The roots of eugenics can be traced back to Britain in the early 1880’s when Sir Francis Galton generated the term from the Greek word for “well-born”. He defined eugenics as the science of improving stock, whether human or animal. According to the American Eugenics Movement, today’s study of eugenics has many similarities to studies done in the early 20th century. Back then, “Eugenics was, quite literally, an effort to breed better human beings – by encouraging the reproduction of people with "good" genes and discouraging those with "bad" genes.” (www.eugenicsarchive.org) According to Merriam-Webster, the modern day definition of eugenics is, a science that deals with the improvement (as by control of human mating) of hereditary qualities of a race or breed.
The topic of eugenics is a controversial one, but through research it is evident that there are both positive and negative aspects. In 1926, the American Eugenics Society was founded by Harry Crampton, Harry H. Laughlin, Madison Grant, and Henry Fairfield Osborn. The main goal of the organization was to distribute accurate scientific information on genetic health, draw attention to eugenics, and promote eugenic research. “Between 1907 and 1937 thirty-two states required sterilization of various citizens viewed as undesirable: the mentally ill or handicapped, those convicted of sexual, drug, or alcohol crimes and others viewed as degenerate" (Larson).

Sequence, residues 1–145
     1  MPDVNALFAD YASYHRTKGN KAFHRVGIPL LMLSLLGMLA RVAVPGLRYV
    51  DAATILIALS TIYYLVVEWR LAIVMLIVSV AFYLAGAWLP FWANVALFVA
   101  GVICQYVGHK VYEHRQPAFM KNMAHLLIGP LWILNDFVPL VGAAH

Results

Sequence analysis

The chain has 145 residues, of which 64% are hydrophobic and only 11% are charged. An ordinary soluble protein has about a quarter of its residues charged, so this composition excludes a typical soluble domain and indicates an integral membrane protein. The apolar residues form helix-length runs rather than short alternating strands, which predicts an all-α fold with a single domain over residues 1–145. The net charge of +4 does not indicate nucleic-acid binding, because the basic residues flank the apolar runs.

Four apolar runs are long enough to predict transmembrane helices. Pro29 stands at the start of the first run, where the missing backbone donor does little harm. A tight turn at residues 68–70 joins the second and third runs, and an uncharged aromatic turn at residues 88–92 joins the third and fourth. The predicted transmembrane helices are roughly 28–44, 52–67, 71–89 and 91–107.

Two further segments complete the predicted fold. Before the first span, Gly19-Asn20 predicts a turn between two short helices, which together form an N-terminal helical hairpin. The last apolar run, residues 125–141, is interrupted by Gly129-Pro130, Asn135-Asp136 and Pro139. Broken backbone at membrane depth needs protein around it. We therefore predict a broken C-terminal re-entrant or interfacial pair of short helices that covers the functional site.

In late 1994, The Bell Curve was published. The research quoted in the book is taken mostly from members of the American Eugenics Society and other eugenics groups. “The book concludes that all men are not equal, and that the Declaration of Independence is badly worded.” (Clements) The book was generally praised by conservatives and attacked by liberals. The summary of eugenics, was on the best seller list for weeks.
In modern society, eugenics most recently became a hot topic when scientists announced the first successful cloning of Dolly the sheep. Dolly had the exact genetic make up as her mother. This revelation immediately got people talking about the possibility of cloning humans. “If cloning research were pursued, it has been estimated that human cloning could become a practical reality within the next one to two decades.” (Pearson)
Some negative aspects of eugenics include reducing the fertility of persons suffering from low intelligence and physical defects that are deemed as undesirable, and can be passed on to future generations. At the same time, cloning could operate as a form of positive eugenics, increasing the number of births of babies with excellent health and high intelligence.
One thing that many people disagree upon is whether or not eugenics and genetic cloning is ethically right or wrong. On one hand, it could eliminate children being born with life threatening diseases by forewarning parents of potential medical problems. “It is known that hemophilia, albinism, and certain structural...